Many of you know about my dreadful taste in television, so you might be surprised that I love to read. But I do! I love to read! And I love to give people books as gifts. Some will scoff and say that books—not unlike perfume—are too personal for gift-giving. I disagree, and here’s why: I was kicked out of my book club, so when I give people books, it is implied that they must read and discuss them with me. I force people to book club with me. Books are also wonderful gifts for your super pretty friends. It makes them feel smart, and they can sell them at Half Price Books for pocket money or use them to jazz up their bookcases. All kidding aside, I really do love books—real books with book jackets and pages that you flip—and there’s nothing better than sharing a story that moved you or made you laugh or upset you or all of it. So with that in mind, I’m urging you to give your loved ones books, too. I’ve selected a few that will get you started, and I will tell you why I liked them.
The Lowland. This book is about a lot—brotherhood, revolution, expatriation, marriage, fatherhood—and it was nominated for the National Book Award. I could go into a lot of detail here, but all you need to know is this: Jhumpa Lahiri writes beautiful words. Really. I just can’t stress this enough. You should probably buy Unaccustomed Earth and Interpreter of Maladies, too.
Tenth of December. I read “The Semplica-Girl Diaries” in The New Yorker, and I couldn’t stop thinking about it. Somehow, George Saunders manages to make that happen with every single one of the stories in this collection. Don’t trust someone who watches Real Housewives of Beverly Hills? I hear you. But this one was nominated for a National Book Award, too. Buy it.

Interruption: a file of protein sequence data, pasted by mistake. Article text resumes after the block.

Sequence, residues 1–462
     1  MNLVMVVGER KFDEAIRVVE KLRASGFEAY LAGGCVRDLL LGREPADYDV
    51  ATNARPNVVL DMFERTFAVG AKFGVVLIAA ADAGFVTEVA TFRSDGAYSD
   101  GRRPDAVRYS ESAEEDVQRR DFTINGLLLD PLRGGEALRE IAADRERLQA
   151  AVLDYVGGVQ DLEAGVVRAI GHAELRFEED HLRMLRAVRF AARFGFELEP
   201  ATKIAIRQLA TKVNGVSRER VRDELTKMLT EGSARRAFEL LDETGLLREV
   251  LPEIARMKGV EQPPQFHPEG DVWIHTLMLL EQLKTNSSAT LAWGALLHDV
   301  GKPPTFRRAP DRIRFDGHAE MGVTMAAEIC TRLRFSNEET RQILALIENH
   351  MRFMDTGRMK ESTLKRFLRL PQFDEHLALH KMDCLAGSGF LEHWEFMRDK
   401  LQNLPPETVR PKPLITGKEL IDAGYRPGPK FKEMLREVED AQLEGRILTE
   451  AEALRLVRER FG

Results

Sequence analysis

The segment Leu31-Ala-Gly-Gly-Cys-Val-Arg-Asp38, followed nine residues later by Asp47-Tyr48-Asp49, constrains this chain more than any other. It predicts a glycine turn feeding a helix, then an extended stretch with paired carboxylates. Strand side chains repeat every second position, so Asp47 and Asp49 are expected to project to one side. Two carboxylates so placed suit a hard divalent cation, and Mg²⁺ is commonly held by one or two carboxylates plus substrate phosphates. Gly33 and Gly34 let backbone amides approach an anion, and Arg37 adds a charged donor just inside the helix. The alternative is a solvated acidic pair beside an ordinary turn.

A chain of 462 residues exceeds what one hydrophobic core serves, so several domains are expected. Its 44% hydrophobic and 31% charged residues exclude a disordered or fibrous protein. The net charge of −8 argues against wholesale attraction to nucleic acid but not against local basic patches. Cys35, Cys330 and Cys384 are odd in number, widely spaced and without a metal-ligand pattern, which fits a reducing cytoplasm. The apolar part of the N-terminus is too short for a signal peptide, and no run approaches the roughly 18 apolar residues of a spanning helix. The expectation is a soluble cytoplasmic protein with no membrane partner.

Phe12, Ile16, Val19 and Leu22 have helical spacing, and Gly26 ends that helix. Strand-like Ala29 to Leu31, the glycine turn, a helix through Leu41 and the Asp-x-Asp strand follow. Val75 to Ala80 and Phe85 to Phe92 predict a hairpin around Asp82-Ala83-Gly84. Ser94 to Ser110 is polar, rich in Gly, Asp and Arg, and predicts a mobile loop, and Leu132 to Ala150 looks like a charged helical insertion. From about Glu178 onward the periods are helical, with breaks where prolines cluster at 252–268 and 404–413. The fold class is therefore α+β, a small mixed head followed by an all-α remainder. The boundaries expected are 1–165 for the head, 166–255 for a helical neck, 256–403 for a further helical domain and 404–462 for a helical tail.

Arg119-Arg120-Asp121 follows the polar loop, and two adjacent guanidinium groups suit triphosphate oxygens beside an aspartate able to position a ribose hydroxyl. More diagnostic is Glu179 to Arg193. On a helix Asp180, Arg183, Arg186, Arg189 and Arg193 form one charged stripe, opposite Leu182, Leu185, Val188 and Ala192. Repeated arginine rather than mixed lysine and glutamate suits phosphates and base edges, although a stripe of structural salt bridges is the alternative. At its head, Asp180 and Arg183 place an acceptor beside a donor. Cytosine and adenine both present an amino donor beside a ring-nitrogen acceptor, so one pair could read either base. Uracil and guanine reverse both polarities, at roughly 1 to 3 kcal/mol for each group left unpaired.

Beautiful Ruins. After reading this book, you will want to travel to Italy, watch Cleopatra, and sit in on a pitch meeting. I know that sounds really weird. But this is a big (fictional) story that involves an Italian hotel owner, the making of Cleopatra, an illegitimate son of actor Richard Burton, present-day Hollywood, addiction, and redemption. You’ll fall in love with all the characters, and Jess Walter wraps everything up so beautifully. I sobbed.
The Love Affairs of Nathaniel P. Man, this book. I have told everyone I know to read this book, and now I’m telling you to buy this book. Nathaniel is a guy who considers himself one of the good ones—sensitive, smart, caring. He went to Harvard. He lives in Brooklyn. He has a book deal. He thinks nasty things about his girlfriend Hannah’s arms. In short, he makes me insane. Hannah’s attempts to be fun, cool, super laid-back, and easy going also kill me. We’ve all been in relationships like this, and please, read this book! Call me after you read Hannah’s horrifying e-mail to Nathaniel, and we can compare the similar, desperate missives we have sent to soon-to-be exes.
The Silent Wife. I read this book in an afternoon—it’s short and sweet. Actually, it’s not sweet at all. (And it’s not like Gone Girl at all. I mean, a man and a lady are mean to one another, but I don’t understand why every book about bad relationships has become “the next Gone Girl.”) Jodi and Todd have been together for years. Todd cheats on Jodi all the time. Jodi pretends it’s not a big deal. Todd accidentally knocks up his best friend’s daughter. (He’s a real peach.) Jodi decides that he needs to die. The story is told from both of their maddening perspectives. You will want to kill both of them—but in a good way!